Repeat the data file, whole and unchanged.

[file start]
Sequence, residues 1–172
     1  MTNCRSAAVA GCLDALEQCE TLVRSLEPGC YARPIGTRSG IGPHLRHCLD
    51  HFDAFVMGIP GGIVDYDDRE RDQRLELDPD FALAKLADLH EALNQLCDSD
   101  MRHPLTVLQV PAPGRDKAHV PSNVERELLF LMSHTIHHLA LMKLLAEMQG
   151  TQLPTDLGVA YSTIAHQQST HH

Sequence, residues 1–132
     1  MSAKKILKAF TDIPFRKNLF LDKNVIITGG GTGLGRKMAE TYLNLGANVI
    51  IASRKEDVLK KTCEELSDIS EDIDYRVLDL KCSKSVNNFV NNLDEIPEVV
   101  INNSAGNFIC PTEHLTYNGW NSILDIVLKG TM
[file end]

Sequence, residues 1–172
     1  MTNCRSAAVA GCLDALEQCE TLVRSLEPGC YARPIGTRSG IGPHLRHCLD
    51  HFDAFVMGIP GGIVDYDDRE RDQRLELDPD FALAKLADLH EALNQLCDSD
   101  MRHPLTVLQV PAPGRDKAHV PSNVERELLF LMSHTIHHLA LMKLLAEMQG
   151  TQLPTDLGVA YSTIAHQQST HH

Sequence, residues 1–132
     1  MSAKKILKAF TDIPFRKNLF LDKNVIITGG GTGLGRKMAE TYLNLGANVI
    51  IASRKEDVLK KTCEELSDIS EDIDYRVLDL KCSKSVNNFV NNLDEIPEVV
   101  INNSAGNFIC PTEHLTYNGW NSILDIVLKG TM